“Countries need to get ready for possible importation in order to identify cases as early as possible and in order to be ready for a domestic outbreak control, if that happens,” WHO official Gauden Galea told The Associated Press in Bejing on Saturday.
WHO earlier in the week declared a global health emergency, which “flipped the switch” from a cautious attitude earlier to recommending governments prepare for the possibility the virus might spread, Galea said.
WHO Director-General Dr. Tedros Ghebreyesus said in announcing the outbreak that the organization’s “greatest concern is the potential for the virus to spread to countries with weaker health systems, and which are ill-prepared to deal with it.”
China has reported thousands of cases—health experts believe the Chinese Communist Party is consistently underreporting the number of cases—and hundreds of deaths. The virus has spread from Wuhan to roughly two dozen countries, with no deaths reported so far outside of China.
Cases have been confirmed in five continents, with a slew of suspected cases in Africa but none confirmed. Spain, Russia, Italy, the United Kingdom, and Sweden announced the first confirmed cases in the countries in the past few days.
Governments are ramping up efforts to stop the spread of the disease, restricting or banning travel to and from mainland China, evacuating citizens from Wuhan or Hubei province, and isolating people who have traveled recently to China.
The United States on Friday announced a public health emergency. Officials said they were motivated by the number of unknowns with the new coronavirus—which started last month, has no vaccine, and has an unconfirmed origin—and the rapidly rising number of cases.
Anthony Fauci, director of the National Institute of Allergy and Infectious Diseases, also noted that officials now know that an infected person could transmit the disease to another person even if they did not exhibit any symptoms. He cited a recent case in Germany; other countries have also reported asymptomatic transmission.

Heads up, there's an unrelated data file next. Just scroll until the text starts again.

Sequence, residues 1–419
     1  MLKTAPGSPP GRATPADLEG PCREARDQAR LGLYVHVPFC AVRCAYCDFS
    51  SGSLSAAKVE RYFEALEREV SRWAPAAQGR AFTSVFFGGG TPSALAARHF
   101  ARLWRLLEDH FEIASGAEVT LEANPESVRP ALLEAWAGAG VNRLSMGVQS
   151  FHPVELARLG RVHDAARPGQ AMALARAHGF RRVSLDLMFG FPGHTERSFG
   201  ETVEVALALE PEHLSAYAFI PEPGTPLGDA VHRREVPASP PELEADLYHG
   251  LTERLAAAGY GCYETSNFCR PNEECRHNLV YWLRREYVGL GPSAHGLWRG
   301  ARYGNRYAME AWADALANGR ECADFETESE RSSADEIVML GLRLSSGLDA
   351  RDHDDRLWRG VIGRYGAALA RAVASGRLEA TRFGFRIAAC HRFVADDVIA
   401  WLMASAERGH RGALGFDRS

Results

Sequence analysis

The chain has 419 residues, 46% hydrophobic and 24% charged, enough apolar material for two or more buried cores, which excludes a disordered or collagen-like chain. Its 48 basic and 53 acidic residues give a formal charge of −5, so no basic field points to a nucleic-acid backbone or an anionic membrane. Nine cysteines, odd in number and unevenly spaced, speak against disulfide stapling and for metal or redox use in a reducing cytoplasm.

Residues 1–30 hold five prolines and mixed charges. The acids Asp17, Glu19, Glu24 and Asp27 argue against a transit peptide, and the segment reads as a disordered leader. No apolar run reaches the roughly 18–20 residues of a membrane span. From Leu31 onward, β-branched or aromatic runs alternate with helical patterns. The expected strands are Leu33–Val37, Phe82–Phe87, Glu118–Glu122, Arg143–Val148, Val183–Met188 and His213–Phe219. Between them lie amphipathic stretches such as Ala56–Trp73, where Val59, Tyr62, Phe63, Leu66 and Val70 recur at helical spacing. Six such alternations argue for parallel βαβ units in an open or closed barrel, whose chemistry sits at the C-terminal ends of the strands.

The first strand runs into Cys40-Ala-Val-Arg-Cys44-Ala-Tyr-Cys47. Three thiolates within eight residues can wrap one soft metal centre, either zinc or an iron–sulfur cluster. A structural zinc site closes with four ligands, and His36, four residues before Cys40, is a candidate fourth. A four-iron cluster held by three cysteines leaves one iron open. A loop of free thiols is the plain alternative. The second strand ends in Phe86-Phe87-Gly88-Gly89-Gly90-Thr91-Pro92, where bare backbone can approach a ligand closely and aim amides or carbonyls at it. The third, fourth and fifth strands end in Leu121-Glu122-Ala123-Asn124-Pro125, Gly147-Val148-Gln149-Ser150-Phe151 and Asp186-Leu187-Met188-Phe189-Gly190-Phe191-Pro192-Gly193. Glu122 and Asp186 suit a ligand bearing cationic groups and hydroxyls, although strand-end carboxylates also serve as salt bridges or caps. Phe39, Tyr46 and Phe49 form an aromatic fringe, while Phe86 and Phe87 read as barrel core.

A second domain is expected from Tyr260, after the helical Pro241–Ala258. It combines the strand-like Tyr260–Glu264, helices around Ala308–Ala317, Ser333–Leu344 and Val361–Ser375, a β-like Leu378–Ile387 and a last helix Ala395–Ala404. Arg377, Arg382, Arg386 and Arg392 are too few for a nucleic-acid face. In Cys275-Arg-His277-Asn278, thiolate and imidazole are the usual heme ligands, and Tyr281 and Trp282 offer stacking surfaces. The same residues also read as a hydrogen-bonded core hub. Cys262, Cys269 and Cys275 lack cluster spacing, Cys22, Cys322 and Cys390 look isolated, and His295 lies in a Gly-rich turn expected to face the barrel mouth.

The United States also announced a ban on foreign nationals who have been in mainland China in the past 14 days and a mandatory quarantine of any U.S. citizens who traveled to Hubei province in the past 14 days.
Outside of government action, airlines around the world have stopped or announced plans to stop operating flights into and out of mainland China and companies operating in the country announced widespread closures.
The three biggest carriers in the United States—United, American, and Delta Airlines—made announcements on Friday. Air New Zealand and Qantas Airlines also announced plans to stop flying between China and their home countries, joining, among others, British Airways, Japan Airways, Virgin Atlantic, Air Canada, and Lion Air.
Deere & Co closed all facilities in China, as did Apple, joining dozens of other companies either shutting down operations or restricting travel to the country.
“Our thoughts are with the people most immediately affected by the coronavirus and with those working around the clock to study and contain it,” Apple, based in Cupertino, Calif., said in a statement. “Out of an abundance of caution and based on the latest advice from leading health experts, we’re closing all our corporate offices, stores and contact centers in mainland China through Feb. 9.”
Cathy He contributed to this report.